Still, Stanford has yet to lose a game to a bad team (and Oregon State is truly a bad team as Daniel demonstrated), beating up on the likes of San Diego State, UC Davis and yes, USC, among others, and the books seem to acknowledge this sliver of competency, favoring the Cardinal by 24 points at home. Despite how dismaying the season has been to this point, I don’t see a way in which Stanford loses this game. It just doesn’t fit the narrative. Instead, I expect an evisceration of Oregon State showing the Cardinal faithful what could’ve been this season before making like gravediggers and letting them down one last time.

Shan Reddy (SR): To DMK and AT, I have one thing to say: recency bias. To say that Stanford’s football team this season has been entirely incompetent against decent teams would simply be false. They’ve taken down competitive teams in USC and Arizona State–both teams that crushed the Beavers earlier this season–and hung tough against ranked teams in Washington and Washington State, putting up a combined 58 points against the two. Stanford is solid, not remarkable, but not atrocious either.

On the other hand, the Oregon State football team is simply and genuinely pathetic. Out of 129 teams in all of college football, the Beaver defense ranks 128th. Need I say more? On average, teams playing Oregon State put up 536.9 yards of total offense per game.

Now, I would normally say that Stanford’s offense could still feasibly give the ball away enough times to make the game competitive, but Oregon State’s defense simply does not force turnovers, and ranks 127th in the FBS in turnovers gained. KJ Costello would have to duct tape the football to an Oregon State defender to force the Beaver defense to actually get a takeaway.

JJ Arcega-Whiteside has been officially ruled out of Saturday’s game. He currently leads the Cardinal in receptions with 48, receiving yards with 754, and receiving touchdowns with 11. Without him in the passing attack, will the Cardinal continue to find success through the air? Which pass catcher(s) will step up in his absence?

DMK: Stanford pass catchers have been a personal highlight of the season. Sophomore tight end Colby Parkinson, junior tight end Kaden Smith, senior wide receiver Trenton Irwin and (don’t you dare forget) sophomore fullback Houston Heimuli have all looked very good in the minutes they have played this season. Smith has three games with more than 100 yards, Irwin has one, Parkinson has caught three touchdowns, and Heimuli has literally never not scored when catching a pass. The Cardinal passing game has been electric recently, topping 300 in consecutive games for the first time in recent memory. Costello is currently amid the fifth best season in terms of passing efficiency in the history of the program.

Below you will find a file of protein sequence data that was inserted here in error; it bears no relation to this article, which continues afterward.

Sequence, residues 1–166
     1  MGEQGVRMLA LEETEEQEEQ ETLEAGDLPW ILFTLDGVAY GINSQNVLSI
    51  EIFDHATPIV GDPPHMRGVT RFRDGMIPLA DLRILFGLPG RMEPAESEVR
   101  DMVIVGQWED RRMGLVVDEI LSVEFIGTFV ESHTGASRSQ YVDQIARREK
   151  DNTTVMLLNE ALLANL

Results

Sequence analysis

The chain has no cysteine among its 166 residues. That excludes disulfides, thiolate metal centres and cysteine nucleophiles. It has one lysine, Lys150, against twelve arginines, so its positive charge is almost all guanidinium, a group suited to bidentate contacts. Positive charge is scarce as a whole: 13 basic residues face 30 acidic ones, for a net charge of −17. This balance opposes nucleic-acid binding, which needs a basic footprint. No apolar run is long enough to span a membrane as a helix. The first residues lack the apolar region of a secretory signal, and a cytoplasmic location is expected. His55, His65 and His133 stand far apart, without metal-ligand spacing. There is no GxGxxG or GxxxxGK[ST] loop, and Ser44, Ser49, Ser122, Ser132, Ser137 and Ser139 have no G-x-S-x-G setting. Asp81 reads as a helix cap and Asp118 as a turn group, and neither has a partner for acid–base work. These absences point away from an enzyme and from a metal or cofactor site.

AT: Trenton Irwin is a New England Patriots receiver in the making. I don’t have to spell it out. The shifty slot receiver runs precision routes, calling to mind the likes of Wes Welker, Julian Edelman and Danny Amendola. Irwin doesn’t go down easy and will risk everything to fight for yardage. Along with the behemoth that is Kaden Smith, Costello should have enough weapons to spread the ball around and move it down the field. Look for Smith in particular, whose name is one letter away from a certain infamous rapper, to have a big game. In the words of said rapper, “I hope it doesn’t take for me to die for you to see what I do for you.” With Irwin and Smith not dead, god forbid, and still on the field, Stanford’s passing offense is still plenty potent and capable of dismantling a suspect Oregon State defense.

SR: JJ Arcega-Whiteside may be one of the best receiving deep threats in college football, but he’s by no means the Cardinal’s only star pass-catcher. Junior Kaden Smith currently leads college football in receiving yards by a tight end, well on his way to following in the footsteps of vaunted Cardinal tight ends like current NFL players Zach Ertz and Austin Hooper. Smith is looking like a shoe-in Mackey Award finalist, and may even cap off his season by being the first Cardinal player to ever win the award. This Saturday should be another opportunity for him to pad his stat line.